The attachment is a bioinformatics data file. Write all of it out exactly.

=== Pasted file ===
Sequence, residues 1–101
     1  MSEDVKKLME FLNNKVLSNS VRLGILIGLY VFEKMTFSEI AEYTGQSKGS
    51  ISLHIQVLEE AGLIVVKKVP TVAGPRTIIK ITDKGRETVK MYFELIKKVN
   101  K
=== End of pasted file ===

Sequence, residues 1–101
     1  MSEDVKKLME FLNNKVLSNS VRLGILIGLY VFEKMTFSEI AEYTGQSKGS
    51  ISLHIQVLEE AGLIVVKKVP TVAGPRTIIK ITDKGRETVK MYFELIKKVN
   101  K